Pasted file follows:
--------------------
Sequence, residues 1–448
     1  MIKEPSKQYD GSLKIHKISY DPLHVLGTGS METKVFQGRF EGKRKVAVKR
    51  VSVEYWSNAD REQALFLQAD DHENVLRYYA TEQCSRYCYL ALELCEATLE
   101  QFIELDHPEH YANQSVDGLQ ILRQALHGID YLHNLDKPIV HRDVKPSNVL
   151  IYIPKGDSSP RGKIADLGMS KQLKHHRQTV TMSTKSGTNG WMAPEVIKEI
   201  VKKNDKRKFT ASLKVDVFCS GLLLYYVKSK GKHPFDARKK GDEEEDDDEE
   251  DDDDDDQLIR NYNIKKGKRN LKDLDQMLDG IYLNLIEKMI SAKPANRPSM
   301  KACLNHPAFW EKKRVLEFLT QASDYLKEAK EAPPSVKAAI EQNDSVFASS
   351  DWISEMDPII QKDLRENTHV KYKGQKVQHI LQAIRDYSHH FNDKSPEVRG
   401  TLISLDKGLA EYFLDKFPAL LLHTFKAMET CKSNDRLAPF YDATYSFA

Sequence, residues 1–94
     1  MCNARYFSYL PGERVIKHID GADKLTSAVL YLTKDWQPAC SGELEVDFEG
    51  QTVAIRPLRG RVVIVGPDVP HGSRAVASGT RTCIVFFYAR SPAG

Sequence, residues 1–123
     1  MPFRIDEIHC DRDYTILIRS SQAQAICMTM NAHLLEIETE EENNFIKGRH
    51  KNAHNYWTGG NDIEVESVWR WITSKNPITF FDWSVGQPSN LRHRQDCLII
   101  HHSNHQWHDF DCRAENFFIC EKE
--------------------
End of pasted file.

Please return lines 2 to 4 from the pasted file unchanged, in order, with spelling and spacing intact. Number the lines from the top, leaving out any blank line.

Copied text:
     1  MIKEPSKQYD GSLKIHKISY DPLHVLGTGS METKVFQGRF EGKRKVAVKR
    51  VSVEYWSNAD REQALFLQAD DHENVLRYYA TEQCSRYCYL ALELCEATLE
   101  QFIELDHPEH YANQSVDGLQ ILRQALHGID YLHNLDKPIV HRDVKPSNVL